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IRS changes inheritance rules (red flag for you?)

IRS changes inheritance rules (red flag for you?)

September 12, 2023

The IRS recently updated some rules about trusts that could make your heirs accidentally liable for capital gains taxes.1

It's another quiet change that could severely impact families trying to maximize their legacies.

Here's what changed:

Under new IRS rules, assets inside irrevocable trusts may not receive a step-up in basis unless those assets are included in the taxable estate upon death.

If your estate strategy includes an irrevocable grantor trust, you should work with an attorney and review your trust to avoid saddling heirs with unexpected tax bills.

Typically, assets inherited at death receive a step-up in cost basis to the current fair market value, which eliminates any capital gains achieved during the giver's lifetime.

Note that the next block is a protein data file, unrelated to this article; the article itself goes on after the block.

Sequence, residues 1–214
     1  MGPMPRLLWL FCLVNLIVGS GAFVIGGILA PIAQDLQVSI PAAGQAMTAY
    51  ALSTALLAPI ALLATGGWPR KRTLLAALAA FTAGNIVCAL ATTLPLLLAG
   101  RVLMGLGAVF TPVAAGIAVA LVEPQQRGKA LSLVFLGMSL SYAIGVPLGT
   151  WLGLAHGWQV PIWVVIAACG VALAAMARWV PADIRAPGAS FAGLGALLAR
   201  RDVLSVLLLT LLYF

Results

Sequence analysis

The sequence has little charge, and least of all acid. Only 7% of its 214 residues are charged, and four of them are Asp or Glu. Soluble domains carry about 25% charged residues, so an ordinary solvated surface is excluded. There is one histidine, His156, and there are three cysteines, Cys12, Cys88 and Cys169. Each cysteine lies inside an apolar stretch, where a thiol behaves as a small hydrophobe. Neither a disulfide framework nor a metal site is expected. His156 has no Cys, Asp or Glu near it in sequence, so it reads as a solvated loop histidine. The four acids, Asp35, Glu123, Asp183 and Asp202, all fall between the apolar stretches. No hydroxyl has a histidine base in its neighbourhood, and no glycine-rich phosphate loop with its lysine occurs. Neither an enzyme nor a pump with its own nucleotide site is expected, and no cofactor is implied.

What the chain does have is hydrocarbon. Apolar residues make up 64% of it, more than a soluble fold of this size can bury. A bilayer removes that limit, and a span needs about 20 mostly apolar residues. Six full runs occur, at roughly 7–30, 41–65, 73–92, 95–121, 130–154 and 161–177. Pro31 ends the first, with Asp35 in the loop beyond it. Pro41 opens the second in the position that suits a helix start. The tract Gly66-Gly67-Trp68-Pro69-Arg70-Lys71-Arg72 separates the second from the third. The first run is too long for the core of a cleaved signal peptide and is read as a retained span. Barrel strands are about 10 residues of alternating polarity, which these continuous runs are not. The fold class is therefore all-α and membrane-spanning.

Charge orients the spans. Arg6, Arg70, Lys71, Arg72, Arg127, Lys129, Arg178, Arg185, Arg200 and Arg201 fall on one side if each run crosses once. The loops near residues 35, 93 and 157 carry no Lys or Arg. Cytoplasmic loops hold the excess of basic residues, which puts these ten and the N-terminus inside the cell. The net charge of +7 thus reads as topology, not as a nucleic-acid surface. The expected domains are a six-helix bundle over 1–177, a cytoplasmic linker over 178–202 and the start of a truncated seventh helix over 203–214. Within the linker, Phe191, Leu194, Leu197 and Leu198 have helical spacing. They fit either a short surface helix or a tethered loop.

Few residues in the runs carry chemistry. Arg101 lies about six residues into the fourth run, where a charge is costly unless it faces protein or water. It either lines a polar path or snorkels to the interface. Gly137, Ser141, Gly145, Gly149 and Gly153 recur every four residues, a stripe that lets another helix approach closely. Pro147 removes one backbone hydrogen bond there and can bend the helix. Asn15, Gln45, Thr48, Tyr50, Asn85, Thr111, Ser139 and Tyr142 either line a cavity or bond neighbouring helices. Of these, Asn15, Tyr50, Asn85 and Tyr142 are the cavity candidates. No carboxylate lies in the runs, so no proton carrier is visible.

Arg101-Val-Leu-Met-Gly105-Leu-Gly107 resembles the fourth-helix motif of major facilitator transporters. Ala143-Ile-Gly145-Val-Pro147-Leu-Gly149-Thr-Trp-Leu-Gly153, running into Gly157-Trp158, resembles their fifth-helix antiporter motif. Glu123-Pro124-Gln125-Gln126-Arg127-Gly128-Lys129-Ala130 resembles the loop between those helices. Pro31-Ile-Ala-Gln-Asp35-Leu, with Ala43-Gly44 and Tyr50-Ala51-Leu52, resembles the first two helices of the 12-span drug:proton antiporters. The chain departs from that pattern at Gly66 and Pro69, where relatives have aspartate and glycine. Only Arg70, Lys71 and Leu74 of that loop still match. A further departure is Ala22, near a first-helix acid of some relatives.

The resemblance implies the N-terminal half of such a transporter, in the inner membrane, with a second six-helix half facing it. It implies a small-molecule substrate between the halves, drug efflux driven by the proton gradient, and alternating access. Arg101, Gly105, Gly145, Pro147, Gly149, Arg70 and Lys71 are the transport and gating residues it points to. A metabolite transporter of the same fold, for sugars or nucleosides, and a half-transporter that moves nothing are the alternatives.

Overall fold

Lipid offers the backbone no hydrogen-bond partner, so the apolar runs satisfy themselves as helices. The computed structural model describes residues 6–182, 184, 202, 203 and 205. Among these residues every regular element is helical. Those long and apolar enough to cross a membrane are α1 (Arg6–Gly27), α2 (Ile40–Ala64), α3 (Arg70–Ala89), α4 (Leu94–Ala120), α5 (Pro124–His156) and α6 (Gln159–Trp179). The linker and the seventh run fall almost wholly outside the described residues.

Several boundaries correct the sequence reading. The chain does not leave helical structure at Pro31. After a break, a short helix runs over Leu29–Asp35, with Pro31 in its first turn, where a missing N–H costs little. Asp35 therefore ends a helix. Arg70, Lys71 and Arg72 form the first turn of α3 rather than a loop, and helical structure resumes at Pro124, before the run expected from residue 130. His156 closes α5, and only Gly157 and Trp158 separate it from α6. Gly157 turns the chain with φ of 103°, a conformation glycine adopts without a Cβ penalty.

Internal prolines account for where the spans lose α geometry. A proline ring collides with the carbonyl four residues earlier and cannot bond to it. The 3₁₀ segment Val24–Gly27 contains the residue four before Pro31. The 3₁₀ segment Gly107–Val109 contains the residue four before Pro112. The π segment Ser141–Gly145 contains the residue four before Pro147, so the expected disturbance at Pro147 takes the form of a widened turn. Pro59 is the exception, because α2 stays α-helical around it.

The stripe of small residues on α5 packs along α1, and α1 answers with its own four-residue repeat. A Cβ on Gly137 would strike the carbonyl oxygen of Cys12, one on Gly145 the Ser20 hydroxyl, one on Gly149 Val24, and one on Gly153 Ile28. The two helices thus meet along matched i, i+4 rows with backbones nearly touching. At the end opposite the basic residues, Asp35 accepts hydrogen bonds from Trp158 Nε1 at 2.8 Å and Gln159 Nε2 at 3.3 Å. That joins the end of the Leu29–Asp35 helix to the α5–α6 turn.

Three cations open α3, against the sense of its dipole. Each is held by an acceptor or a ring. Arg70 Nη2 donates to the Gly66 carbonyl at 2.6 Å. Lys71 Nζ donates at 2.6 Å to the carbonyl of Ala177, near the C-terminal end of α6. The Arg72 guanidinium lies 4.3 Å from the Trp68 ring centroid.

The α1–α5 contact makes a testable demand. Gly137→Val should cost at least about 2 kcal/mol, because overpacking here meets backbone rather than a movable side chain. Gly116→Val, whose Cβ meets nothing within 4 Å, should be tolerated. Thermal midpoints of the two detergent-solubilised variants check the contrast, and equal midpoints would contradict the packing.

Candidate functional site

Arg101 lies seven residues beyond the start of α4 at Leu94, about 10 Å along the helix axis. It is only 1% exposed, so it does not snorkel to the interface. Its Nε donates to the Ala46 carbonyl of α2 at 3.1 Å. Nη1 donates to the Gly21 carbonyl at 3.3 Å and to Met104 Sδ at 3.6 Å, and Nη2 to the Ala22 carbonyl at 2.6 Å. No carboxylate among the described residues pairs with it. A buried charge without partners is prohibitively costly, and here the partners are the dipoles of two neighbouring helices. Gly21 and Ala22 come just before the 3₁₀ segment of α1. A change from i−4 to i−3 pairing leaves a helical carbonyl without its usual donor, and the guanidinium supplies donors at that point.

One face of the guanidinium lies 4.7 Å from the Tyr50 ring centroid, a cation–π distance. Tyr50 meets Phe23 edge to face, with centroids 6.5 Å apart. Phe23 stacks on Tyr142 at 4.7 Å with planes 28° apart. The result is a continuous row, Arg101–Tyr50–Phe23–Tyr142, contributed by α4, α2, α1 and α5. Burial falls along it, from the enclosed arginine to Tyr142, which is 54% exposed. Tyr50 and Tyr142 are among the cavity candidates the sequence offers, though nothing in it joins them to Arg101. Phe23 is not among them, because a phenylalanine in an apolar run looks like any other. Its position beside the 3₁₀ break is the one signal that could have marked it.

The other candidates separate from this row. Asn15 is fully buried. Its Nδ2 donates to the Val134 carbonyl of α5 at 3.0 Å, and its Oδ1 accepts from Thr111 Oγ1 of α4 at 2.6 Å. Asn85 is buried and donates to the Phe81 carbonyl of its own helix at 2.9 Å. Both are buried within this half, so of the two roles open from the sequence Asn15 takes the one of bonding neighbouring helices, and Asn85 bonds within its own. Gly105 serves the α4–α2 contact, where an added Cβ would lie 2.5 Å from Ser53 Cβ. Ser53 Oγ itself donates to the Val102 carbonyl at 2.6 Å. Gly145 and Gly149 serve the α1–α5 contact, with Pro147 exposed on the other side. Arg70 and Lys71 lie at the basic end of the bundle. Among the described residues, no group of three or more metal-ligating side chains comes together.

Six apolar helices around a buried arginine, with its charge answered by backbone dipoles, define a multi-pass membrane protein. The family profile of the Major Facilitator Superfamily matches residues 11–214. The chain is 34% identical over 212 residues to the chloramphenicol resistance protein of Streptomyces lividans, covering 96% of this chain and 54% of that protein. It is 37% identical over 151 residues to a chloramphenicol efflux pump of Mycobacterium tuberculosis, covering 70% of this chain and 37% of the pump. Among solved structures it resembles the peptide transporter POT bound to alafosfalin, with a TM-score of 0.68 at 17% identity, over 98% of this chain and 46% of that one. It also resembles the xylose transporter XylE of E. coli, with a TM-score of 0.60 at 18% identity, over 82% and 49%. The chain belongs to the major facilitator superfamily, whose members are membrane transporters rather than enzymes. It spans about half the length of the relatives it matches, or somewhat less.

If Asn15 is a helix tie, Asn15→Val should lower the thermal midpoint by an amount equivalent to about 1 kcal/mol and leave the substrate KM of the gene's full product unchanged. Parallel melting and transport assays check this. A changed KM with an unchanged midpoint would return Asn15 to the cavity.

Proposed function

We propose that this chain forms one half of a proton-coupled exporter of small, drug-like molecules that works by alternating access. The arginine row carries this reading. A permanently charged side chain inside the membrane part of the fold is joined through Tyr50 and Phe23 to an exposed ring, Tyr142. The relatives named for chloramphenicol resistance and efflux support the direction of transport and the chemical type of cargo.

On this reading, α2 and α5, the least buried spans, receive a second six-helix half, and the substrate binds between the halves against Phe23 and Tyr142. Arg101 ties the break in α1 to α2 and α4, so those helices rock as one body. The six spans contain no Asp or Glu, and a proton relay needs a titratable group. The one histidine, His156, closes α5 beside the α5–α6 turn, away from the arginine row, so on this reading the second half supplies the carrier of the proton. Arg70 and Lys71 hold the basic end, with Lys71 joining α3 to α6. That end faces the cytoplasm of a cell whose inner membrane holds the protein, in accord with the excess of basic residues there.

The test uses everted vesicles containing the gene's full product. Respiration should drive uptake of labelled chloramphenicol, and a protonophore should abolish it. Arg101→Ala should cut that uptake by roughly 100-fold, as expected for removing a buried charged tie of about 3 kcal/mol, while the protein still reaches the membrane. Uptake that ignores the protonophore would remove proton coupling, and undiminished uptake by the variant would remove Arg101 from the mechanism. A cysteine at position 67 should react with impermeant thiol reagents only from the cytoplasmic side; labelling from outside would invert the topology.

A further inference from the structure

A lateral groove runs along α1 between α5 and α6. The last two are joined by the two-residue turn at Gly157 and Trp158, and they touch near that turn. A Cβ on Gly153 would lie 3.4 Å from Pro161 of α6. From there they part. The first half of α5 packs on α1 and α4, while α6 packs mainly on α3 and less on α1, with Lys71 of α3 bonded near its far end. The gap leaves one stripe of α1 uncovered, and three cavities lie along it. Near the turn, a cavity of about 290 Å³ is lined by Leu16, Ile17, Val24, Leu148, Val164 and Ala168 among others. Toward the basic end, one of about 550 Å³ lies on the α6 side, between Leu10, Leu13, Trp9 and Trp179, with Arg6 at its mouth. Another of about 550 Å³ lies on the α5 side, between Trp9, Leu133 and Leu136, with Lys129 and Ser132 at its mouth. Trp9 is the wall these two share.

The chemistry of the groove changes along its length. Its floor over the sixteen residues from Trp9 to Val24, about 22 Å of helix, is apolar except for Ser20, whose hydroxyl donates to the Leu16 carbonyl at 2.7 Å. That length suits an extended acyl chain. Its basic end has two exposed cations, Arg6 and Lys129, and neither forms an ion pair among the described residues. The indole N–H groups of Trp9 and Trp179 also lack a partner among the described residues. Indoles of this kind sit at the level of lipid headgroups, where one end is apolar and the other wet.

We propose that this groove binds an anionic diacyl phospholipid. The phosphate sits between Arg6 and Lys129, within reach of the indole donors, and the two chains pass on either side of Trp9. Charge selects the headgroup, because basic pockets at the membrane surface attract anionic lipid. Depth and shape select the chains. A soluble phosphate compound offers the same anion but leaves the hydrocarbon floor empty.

However, under the updated rules, any assets held in irrevocable grantor trusts (used by many to limit estate taxes and protect assets from judgments or creditors) will not receive that step-up in basis unless they are included in the taxable estate.1

Your loved ones could accidentally inherit a massive tax bill depending on how the trust is set up.

Changes like this make it critical to review your estate plan regularly.

Tax rules change frequently and I don't want your family to be caught unawares.

This 2023 change is just one of many that are likely coming in the years ahead.

For example, current estate tax exemption amounts ($12.92 million per person and $25.84 million for a couple in 2023) will expire at the end of 2025.2

That means that if the government doesn't extend the current rules, the estate tax exemption reverts to the 2017 amount of about half of today's limit.

Many more families could suddenly become exposed to massive tax bills.

If leaving a legacy to your loved ones is important to you, reviewing your estate strategy for red flags is vital.

Can I help you review your estate plan?

If you haven’t reviewed it within the last few years, please set time up with an estate attorney to see if you need to make any changes.

You might even have "estate planning" as a task on your (endless) to-do list.

I'd like to help you move it to the "done" column.

P.S. Reviewing estate strategies and documents isn’t what anyone would consider fun. (Except for maybe some attorneys I know.)

But a well-planned legacy is as much a gift to our heirs as the financial assets themselves. No one wants to leave problems behind.